Wednesday, 10 June 2015

Final Exam and Final Comments

Every course requires an examination of some sort. Today (10 June 2015) was that final day for this group of budding chefs. They created this menu, they worked together in teams of two, three or four,
they researched the recipes, methods, ingredients required and they refined how to plate and present their work. Almost everyone showed up for three gruelling days of intense work and attention to tiny details. Today ... triumph!

There's nothing like a good meal with friends to slow the rushing world down for a while. In a good restaurant this is done with aplomb and attention to the smallest details. In the 'back-of-house' the crazy may be happening, but in the 'front-of-house' tranquility rules. Today, for the second time this semester, my students had a chance to really find out what it takes to be in this business.

Ruby, our incredible community volunteer, arrived at 09h00 with flowers for the tables and a big smile for everyone.
Then she started to work with the production teams, a willing resource of depth and reassurance for everyone.

Tamara had a badly-wrecked finger and I didn't want her to have her hands in food or water, so she set the tables up beautifully, with professional guidance from Ruby.
The results were ... well, look at the photo. Lovely! Then she pleaded with me to be allowed to cook ... get on the hot line with her friends ... and I just had to relent and said YES. You've never seen a happier girl. My confidence in her is fully justified.

All morning the teams of students ebbed and flowed, managing their time as well as they could. We had spent Monday of this week planning out time management sheets alongside recipes, and built in some extra time to allow for the inevitable hiccough.
Everyone worked hard and, amazingly, kept their tempers. This is a business where tempers famously flare under the pressure of the kitchen work, and I am SO proud of my students for managing themselves professionally. A couple of burns and nicks produced some swearing,
to be truthful, but then it was right back to the work, the sweat and the striving for perfection.

At about 11h00 I opened "Aller-Stead's Kinder, Gentler School of Hospitality and How To Wait At Table". Every student attended (but I don't offer any choice). How to wait at table, how to keep track of your orders, how to do basic service and answer questions and how to be polite and welcoming to everyone ... these are the Hospitality Arts. (I was channelling Dave Schwingenschlogel, the Master of all these arts, who is a Professor of Hospitality at George Brown Chef School's "The Chefs House" restaurant. Dave, I hope I channelled you well!) It was a crash course ... it took 15 minutes (well, 10, actually, with time for questions), then back to work.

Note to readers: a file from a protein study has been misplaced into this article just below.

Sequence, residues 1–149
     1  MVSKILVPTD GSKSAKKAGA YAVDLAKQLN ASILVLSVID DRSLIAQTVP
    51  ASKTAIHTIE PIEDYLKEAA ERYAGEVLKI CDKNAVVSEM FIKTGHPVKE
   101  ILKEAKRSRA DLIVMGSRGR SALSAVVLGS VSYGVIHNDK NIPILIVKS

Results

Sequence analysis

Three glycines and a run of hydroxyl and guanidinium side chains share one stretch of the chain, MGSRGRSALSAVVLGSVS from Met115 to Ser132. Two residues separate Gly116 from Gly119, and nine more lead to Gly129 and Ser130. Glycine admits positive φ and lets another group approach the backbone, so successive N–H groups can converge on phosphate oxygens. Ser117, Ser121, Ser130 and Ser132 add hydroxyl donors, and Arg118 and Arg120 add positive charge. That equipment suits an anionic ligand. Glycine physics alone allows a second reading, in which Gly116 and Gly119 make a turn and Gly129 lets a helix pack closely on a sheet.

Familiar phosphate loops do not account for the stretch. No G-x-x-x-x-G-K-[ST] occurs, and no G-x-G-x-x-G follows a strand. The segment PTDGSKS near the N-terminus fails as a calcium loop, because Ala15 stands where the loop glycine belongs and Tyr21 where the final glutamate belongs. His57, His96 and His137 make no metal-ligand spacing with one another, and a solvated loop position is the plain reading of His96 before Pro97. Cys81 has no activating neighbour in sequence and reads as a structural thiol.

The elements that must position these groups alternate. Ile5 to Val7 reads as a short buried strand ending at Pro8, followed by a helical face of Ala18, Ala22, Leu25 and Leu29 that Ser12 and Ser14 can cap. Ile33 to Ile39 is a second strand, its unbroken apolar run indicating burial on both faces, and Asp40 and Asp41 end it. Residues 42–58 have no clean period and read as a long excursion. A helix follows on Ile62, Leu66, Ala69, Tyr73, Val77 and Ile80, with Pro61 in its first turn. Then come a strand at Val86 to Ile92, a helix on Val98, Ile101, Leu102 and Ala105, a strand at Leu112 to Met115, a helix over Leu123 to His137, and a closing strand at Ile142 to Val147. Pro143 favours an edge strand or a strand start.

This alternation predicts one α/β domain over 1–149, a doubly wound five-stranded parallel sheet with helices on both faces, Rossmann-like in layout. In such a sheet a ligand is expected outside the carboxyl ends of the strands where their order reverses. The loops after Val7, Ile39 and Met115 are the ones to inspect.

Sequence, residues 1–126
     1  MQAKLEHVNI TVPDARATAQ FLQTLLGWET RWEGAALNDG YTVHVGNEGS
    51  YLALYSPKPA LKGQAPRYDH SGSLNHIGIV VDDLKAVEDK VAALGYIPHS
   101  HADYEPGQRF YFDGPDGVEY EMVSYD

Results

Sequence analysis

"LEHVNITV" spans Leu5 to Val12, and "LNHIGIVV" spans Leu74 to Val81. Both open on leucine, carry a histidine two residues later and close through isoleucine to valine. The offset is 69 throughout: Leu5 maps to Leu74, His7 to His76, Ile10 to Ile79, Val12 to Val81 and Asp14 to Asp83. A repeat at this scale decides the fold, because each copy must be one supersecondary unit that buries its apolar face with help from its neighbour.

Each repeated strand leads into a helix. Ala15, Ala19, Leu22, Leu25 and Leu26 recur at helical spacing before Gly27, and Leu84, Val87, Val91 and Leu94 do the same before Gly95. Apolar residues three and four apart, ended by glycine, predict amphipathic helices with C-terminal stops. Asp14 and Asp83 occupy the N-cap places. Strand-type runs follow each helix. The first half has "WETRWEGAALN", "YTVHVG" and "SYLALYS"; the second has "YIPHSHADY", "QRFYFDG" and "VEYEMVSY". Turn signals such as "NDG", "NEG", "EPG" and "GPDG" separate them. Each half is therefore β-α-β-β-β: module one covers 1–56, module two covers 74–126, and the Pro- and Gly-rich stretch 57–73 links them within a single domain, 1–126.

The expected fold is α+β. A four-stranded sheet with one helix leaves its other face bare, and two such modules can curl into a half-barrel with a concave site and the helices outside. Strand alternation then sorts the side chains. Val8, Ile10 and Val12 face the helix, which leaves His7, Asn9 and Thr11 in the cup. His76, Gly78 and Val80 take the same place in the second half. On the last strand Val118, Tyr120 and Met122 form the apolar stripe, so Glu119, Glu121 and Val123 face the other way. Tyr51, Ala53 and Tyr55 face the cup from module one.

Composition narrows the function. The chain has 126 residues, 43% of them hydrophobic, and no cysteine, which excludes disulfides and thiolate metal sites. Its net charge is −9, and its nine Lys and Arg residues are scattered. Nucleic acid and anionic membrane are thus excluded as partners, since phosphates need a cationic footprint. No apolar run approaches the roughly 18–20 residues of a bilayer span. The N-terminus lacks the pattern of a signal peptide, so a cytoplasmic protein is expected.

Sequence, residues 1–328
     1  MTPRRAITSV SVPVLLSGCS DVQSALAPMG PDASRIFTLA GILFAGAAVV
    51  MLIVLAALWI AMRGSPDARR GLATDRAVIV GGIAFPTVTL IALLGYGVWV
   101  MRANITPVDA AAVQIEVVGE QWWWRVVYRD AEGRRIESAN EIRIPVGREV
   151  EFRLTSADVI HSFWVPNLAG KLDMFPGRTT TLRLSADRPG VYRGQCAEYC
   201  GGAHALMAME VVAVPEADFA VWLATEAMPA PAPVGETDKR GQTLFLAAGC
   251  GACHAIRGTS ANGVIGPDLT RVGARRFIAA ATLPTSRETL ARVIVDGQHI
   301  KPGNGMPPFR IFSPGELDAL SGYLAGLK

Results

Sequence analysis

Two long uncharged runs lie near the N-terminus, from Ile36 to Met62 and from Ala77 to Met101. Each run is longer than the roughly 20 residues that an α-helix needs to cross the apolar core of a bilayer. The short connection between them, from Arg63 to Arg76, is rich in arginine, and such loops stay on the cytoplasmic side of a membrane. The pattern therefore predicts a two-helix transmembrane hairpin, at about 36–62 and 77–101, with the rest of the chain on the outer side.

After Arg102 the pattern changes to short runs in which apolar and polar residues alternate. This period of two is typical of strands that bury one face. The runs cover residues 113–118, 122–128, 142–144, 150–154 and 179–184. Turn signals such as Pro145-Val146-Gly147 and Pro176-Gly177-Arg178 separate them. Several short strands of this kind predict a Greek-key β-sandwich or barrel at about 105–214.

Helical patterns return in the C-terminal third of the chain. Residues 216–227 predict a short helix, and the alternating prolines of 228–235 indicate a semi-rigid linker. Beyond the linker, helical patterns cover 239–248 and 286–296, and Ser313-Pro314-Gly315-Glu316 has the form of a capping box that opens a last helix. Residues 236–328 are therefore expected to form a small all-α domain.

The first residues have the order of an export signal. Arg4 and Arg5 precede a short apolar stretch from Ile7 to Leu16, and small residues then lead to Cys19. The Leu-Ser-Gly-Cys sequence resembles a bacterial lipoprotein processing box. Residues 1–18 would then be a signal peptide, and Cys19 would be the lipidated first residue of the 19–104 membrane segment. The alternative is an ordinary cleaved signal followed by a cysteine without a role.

At 11h45 our 26 guests (it had been 24, but then ballooned!) all arrived with appetites and high expectations.


The wait-students went out and collected orders, then came into the kitchen to the pass areas and picked up 2 at a time. The hot-line, garde-manger and cold-line all went into action, plating as fast as they could and making sure every plate sent out looked perfect.

Our guests were blown away, frankly, by both the food and the wonderful attitudes of honest pride and confidence my students have developed throughout the semester. At the end of the luncheon a group of our guests barged into the kitchen and applauded my students (who were too pooped to do much more than smile wanly and wave).

The kitchen looks (early evening) like part of the Titanic disaster. There are dishes piled up to heaven, pots and pans and roasting trays and cutlery and glassware EVERYWHERE. Tomorrow, we clean up. All students had to head off to their afternoon classes immediately after lunch today (although there was SOME tardiness, I am sure).

I am VERY PROUD of my chef students this semester. Well done! You've completed the course and, as I promised you, at the end all I would do really is wash dishes because you don't need me any more. Today you proved that I was right.

You've come a long, long way from 'Make Me Cookies'. Congratulations.

Tyler, you have been my wonderful second set of arms and legs this semester as my co-oop student.
Many, many thanks. You're an Award-winner in every way. Congratulations!


Now, go and enjoy a wonderful summertime. Use your planning and execution skills at home for your families, and at school to build success in other courses.

In the autumn, when school re-opens, come and say hello then go on to other things. You don't really need me or Chef Ruby and Chef Plummer any more, most of you. I have given you the things you really needed for school success by helping you find them within yourselves ... but drop in once in a while to cadge an espresso or just say a cheery hello. I'll be here for new students: It will be their turn. You can visit, but you can't stay. In real life, you can't go back again. This course has been real life.

Leave the kitchen remembering three important lessons: Respect yourself and your talents and ability to share, look after your family and community, and always look for ways to build, to give back, to make the world a little better because you were there and made good choices. You will be hugely respected for these values. They are very old, very deep and not particularly sexy, but if you live by them you will be the most lovely people on this old earth, and the community and your family will cherish you every day of your life because you are decent, honest, reliable and caring.

Now go, and be well. Live long, as Spock said, and prosper. Keep in touch.

Bon voyage!

-- Chef